Tax News & Views SALT gets the Heisman Roundup

April 19, 2022

New York’s SALT Cap Challenge Rejected by Supreme Court – Aysha Bagchi, Perry Cooper and Donna Borak, Bloomberg ($). “The Supreme Court declined to review a New York-led constitutional challenge to the $10,000 cap on state and local tax deductions imposed by Congress in the 2017 tax law.”

The high court issued an order Monday denying the request from New York, New Jersey, Maryland, and Connecticut to review a decision of the U.S. Court of Appeals for the Second Circuit. The appeals court rejected several state legal arguments against the cap, including that it unconstitutionally coerces the states to abandon their preferred fiscal policies…

The Monday order leaves the cap in place. U.S. Rep. Bill Pascrell of New Jersey (D) said his state’s Democratic delegation 'remains absolutely united to enacting SALT reform through the Congress this year.' He and other Democrats have vowed to oppose any White House tax proposals that don’t raise the $10,000 cap.

Challenge to SALT deduction cap fails in Supreme Court – Aysha Bagchi, Perry Cooper and Donna Borak, Accounting Today:

The states argue the cap unconstitutionally interferes with their sovereign authority to levy and collect property and income taxes. The Second Circuit rejected their arguments, finding that neither Article I of the Constitution nor the 16th Amendment bars Congress from curtailing the SALT deduction, even if that means citizens in certain states will pay billions of dollars in additional federal taxes. Such injuries aren’t significant enough to be coercive under the Tenth Amendment, the appeals court ruled.

U.S. Supreme Court Rejects States’ SALT Cap Suit – Andrea Muse, Tax Notes ($). “In an April 18 order, the Court denied the January 3 cert petition of New York, Connecticut, Maryland, and New Jersey in New York v. Yellen, letting stand the Second Circuit decision that the states had standing to challenge the cap but that the cap does not unconstitutionally coerce the states to abandon their preferred fiscal policies.”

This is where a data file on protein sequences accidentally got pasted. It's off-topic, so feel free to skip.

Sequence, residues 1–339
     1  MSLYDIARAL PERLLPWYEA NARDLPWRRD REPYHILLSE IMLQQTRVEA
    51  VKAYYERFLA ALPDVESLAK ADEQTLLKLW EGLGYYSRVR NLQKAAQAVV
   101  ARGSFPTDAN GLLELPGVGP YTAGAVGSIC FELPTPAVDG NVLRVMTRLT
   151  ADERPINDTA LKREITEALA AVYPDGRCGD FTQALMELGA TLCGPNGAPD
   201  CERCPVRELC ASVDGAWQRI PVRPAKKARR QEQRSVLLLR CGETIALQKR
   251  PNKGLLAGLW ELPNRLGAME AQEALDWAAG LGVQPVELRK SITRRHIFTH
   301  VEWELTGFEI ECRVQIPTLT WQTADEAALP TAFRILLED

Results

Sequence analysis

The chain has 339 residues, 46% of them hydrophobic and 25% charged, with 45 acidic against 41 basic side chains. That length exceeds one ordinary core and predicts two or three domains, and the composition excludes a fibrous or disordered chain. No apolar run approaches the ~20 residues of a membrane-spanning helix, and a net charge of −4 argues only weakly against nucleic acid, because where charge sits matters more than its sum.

‘The SALT cap was a politically motivated money grab orchestrated by the previous president that continues to cost Connecticut families an estimated $2.8 billion a year,’ Connecticut Attorney General William Tong (D) said in an emailed statement. ‘We are disappointed with the Supreme Court’s denial. It is now up to Congress to right this wrong.’

Republicans have a very good chance of becoming the majority party in the House and (growing more likely) the Senate after November elections. They created the SALT cap and it is likely that they will seek to extend it beyond 2025 if they remain in power on Capitol Hill. 


Lawsuit Alleges IRS’s Appraiser Penalty Procedures Are Illegal – Kristen Parillo, Tax Notes ($). “The IRS is violating conservation easement appraisers’ due process rights by assessing overvaluation penalties without giving them a meaningful opportunity to defend themselves, according to a new lawsuit.”

‘The assessment of the section 6695A penalty should only be made after a hearing where the IRS appraisal report can be fully explored and examined,’ two appraisers argue in an April 15 complaint in Kirksey v. United States.


Treasury Blames Audit Imbalance on Underfunding of IRS - Christopher Condon, Bloomberg ($). “U.S. Treasury officials blamed the Internal Revenue Service’s outsized number of audits on low-income households on severe underfunding of the agency by Congress.”

Audits on filers with higher net worth require more time and expertise, and the agency’s underfunding has led to a significant loss of personnel capable of performing those, senior Treasury officials told reporters in a telephone conference Friday.

They were responding to a study from Syracuse University showing households making less than $25,000 were almost three times as likely to get audited in tax year 2021 than those making $200,000 to $1 million.

The IRS has said that it does not audit lower-income taxpayers more than those with higher incomes. 

Treasury Says IRS Stuck With 1950's Tech as Tax Season Closes – Alexander Rifaat, Tax Notes ($). “A steady decline in the IRS’s budget has left its workforce at ‘1970s levels’ amid the most challenging tax season in decades, according to Treasury officials, who have called for more stable, long-term funding.”

The 20 percent decrease in the agency’s budget over the last 20 years, adjusted for inflation, has made the IRS ‘stuck using 1950s technology in a 2022 world,’ the officials said during an April 15 call with reporters.